The United States joined the European Union Monday in criticizing an attempt by Iran's hard-line Guardians Council to exclude reformist candidates from running in next month's presidential election. Iranian Supreme leader Ayatollah Ali Khamenei has told the council to reconsider the move.
The Bush administration, a frequent critic of Iran's unelected religious authorities, says it is deeply troubled by the attempt to exclude moderate and women candidates from the election and says the move does a grave disservice to the Iranian people.
The Guardians Council, a panel of conservative clerics and jurists who supervise elections and vet legislation to assure it conforms to Islamic law, rejected all but six presidential hopefuls out of a field of more than 1,000 contenders.
Among those barred from running were the most prominent moderate candidates as well as all 93 women who had registered to contest the June 17 election to succeed incumbent reformist President Mohammad Khatami.
As he did after a similar move by the Guardians Council to limit the field in 2004 legislative elections, Ayatollah Khamenei ordered the council to reconsider, though it is unclear whether, or to what degree, the panel might relent.
The European Union, which begins a new round of talks with Iran on its nuclear program Wednesday, said it was very disappointed by the council's decision.
The critical U.S. reaction came from State Department Spokesman Richard Boucher, who said it is particularly ironic that the decision came on the seventh anniversary of the date the Iranian electorate went to the polls to elect Mr. Khatami, who was not supported by the hard-line clerics:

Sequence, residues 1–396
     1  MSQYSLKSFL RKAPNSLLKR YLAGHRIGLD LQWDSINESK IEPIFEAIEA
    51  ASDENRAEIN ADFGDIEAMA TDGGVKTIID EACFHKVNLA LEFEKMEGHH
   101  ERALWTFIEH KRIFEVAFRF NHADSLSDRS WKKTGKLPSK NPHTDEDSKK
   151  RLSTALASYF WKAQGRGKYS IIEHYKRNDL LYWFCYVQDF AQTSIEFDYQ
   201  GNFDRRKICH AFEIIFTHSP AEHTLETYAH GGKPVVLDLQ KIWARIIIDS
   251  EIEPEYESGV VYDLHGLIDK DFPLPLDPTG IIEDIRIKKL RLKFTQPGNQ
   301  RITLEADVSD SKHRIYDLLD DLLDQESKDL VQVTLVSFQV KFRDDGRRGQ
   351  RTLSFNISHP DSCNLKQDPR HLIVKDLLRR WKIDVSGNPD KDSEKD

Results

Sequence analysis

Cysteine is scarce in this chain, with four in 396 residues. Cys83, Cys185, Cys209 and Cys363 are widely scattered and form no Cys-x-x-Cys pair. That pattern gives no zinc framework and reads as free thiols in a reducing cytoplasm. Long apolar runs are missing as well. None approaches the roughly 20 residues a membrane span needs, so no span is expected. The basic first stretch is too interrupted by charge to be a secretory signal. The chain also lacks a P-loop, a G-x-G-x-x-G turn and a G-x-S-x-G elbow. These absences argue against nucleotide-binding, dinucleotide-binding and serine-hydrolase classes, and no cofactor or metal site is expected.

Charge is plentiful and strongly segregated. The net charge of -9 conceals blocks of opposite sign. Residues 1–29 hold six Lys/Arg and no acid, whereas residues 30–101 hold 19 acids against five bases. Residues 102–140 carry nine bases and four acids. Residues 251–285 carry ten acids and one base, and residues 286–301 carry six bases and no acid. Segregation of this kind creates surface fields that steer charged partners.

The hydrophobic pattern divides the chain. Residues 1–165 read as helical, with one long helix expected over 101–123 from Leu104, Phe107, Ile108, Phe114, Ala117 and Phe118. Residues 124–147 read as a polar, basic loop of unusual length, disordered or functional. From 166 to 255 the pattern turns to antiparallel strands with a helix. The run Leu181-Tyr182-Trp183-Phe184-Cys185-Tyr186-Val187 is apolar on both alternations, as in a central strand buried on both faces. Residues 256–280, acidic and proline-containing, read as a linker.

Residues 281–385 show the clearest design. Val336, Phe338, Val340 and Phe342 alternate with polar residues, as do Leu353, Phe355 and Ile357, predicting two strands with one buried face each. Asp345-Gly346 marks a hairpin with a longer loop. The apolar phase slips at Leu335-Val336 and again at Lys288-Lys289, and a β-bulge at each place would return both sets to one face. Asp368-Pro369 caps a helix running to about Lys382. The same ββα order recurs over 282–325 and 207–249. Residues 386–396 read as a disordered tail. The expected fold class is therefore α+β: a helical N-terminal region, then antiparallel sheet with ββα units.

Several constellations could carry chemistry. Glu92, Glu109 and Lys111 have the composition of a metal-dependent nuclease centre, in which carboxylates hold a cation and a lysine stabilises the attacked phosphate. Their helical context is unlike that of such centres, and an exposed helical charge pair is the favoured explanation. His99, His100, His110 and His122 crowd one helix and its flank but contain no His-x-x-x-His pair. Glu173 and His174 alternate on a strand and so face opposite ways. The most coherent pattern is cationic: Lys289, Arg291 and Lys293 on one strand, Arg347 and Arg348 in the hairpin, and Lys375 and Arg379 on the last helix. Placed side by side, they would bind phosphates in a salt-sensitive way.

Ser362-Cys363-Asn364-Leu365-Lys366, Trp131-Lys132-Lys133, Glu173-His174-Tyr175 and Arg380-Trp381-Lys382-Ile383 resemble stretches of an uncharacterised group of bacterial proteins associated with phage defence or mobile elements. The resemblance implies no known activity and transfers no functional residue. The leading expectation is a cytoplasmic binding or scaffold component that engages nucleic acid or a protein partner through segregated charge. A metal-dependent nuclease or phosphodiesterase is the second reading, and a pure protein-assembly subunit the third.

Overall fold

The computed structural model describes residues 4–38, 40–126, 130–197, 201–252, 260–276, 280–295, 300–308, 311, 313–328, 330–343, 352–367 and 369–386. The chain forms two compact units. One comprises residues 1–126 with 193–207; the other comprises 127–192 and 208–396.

"Today's disqualifications are clearly intended to insure that only those completely acceptable to the hard-line regime are presented to the electorate. As always, the United States believes the Iranian people deserve to shape the governance of their country and to choose their own leaders. The hopes and dreams of the Iranian people have gone sadly unfulfilled. But their aspirations for a better and freer Iran remain," he said.
After Ayatollah Khamenei intervened with the council in 2004, it agreed to reinstate only a handful of parliamentary candidates, with Mr. Boucher noting that the result was an electoral process that was deeply flawed.
In a Washington speech earlier Monday, Secretary of State Condoleezza Rice said even the unelected leaders in Tehran must realize the Middle East is changing.
She told the pro-Israel lobbying group AIPAC that the energy of reform building in the region will one day inspire Iranians to demand their liberty and their rights," and said the United States stands with them.
She also said the world can tolerate neither the Iranian regime's efforts to subvert democratic government's through terrorism, nor any attempt by it to develop a nuclear weapon.